If you're worried about inflation and thinking about going back to work after retiring to cope with rising prices, there are a few key rules you need to know. These rules could affect your continued eligibility for Social Security benefits, as well as the amount of your checks that you get to keep.
Here are the rules.
1. You could forfeit benefits if you work too much
While you may assume returning to work is going to give you lots of extra money, the reality is that you could end up losing some of your Social Security income. That's because earning too much can result in the temporary forfeiture of your benefits.
The rules for working while getting Social Security retirement income vary depending on how old you are. If you have already reached your full retirement age (FRA), this is not a concern for you, because retirees who are past FRA have no restrictions on what they can earn while still getting their full payments. Your FRA is between 66 and four months and 67 if your birth year is 1956 or later.
If you are younger than your FRA though, there's an earning limit. And if you exceed it, then benefits are withheld. If you will hit FRA at some time during the year, you can earn up to $51,960 when working before reaching that milestone. Once your earnings exceed this amount, you lose $1 for each extra $3 earned.
But if you won't reach FRA at all during the year, the rules are much harsher. Once your earnings exceed $19,560 in 2022, you lose $1 in benefits for every extra $2 you earn. Entire checks are withheld to account for the benefits income you forfeit, so you can't easily double-dip and get money from both your job and Social Security.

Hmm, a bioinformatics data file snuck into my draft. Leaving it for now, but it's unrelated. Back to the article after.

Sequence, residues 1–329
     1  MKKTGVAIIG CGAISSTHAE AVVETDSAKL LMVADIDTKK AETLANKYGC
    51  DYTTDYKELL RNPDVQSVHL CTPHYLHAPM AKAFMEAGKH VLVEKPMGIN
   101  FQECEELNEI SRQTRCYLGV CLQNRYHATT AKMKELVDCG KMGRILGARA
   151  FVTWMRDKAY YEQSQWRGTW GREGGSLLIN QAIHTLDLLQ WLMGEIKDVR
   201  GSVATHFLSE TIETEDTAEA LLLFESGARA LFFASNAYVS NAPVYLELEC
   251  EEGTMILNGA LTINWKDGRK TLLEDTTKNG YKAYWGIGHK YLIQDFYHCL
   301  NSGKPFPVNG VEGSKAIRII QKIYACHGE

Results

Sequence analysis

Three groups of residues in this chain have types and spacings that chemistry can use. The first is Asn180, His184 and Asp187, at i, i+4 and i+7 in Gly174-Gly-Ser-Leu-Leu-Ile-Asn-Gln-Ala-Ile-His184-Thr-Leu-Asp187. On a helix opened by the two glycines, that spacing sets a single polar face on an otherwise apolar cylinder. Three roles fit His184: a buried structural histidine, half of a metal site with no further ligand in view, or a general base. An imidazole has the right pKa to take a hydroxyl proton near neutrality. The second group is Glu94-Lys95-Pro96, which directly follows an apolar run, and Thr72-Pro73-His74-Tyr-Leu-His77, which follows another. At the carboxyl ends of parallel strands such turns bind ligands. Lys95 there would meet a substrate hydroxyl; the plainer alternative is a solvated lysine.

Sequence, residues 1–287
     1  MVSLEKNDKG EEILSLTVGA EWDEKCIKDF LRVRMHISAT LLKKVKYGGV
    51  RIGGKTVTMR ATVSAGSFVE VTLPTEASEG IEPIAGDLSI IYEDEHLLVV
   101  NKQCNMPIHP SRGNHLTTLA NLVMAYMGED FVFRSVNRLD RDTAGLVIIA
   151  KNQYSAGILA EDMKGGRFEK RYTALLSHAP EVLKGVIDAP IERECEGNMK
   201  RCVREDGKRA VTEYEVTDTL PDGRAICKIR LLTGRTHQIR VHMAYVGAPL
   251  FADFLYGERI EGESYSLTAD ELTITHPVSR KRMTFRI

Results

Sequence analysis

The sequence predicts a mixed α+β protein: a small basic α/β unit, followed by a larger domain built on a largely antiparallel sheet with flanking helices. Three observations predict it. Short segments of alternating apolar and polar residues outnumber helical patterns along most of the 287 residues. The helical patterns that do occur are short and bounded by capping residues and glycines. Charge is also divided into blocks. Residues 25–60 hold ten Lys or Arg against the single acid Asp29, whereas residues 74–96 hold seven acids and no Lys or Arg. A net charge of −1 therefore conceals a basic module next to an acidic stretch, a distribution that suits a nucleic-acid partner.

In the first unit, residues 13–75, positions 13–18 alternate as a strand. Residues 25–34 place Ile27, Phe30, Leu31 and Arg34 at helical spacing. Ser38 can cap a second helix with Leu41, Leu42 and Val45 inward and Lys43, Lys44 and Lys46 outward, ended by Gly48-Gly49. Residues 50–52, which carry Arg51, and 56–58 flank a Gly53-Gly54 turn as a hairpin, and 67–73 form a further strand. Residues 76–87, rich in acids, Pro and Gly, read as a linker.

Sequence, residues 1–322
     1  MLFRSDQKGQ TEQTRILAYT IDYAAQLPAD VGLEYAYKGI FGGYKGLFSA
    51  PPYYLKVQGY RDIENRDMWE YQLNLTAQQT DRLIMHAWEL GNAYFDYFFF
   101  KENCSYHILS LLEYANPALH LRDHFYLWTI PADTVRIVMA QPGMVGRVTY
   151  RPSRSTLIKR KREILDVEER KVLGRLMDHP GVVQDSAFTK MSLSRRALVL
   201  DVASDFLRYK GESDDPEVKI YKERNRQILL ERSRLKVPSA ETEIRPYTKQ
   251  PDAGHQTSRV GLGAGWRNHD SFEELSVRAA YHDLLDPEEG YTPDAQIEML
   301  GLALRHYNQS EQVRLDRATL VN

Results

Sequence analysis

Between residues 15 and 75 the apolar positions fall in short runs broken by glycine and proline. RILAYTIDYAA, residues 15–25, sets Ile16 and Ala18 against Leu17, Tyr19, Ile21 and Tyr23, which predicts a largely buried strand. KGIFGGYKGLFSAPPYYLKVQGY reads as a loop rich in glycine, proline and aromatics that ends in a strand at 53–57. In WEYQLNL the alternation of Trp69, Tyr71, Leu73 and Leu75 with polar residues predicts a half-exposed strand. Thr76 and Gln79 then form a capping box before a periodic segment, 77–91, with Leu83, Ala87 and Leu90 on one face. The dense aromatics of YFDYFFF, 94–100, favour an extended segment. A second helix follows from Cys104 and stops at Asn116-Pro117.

At your full retirement age, benefits are recalculated and you get credit for missed checks, so your monthly income increases later. But if you've returned to work because your money isn't going far enough during this time of high inflation, larger future checks won't help you in the moment.
2. Earning a higher income could lead to more Social Security taxes
You should also be aware that your choice to return to work could lead to losing some of your Social Security benefits to taxes.
Retirees can keep all of their retirement benefits without owing federal tax if their countable income is below $25,000 as a single tax filer or below $32,000 as a married joint tax filer. Countable income includes half of Social Security benefits, all taxable income, and some non-taxable income. But once you're above these limits, then up to 85% of benefits can be taxed, with the specific amount based on just how high your earnings are. The taxes do phase in, but this is still a huge hit to take if you end up going above these thresholds due to returning to work.
These tax rules apply regardless of how old you are. And if you live in one of the 12 states that tax Social Security benefits, you could also face taxes on the local level as well. Be sure to know the rules before you go back to work, so you can prepare for a higher tax bill if this is going to happen to you.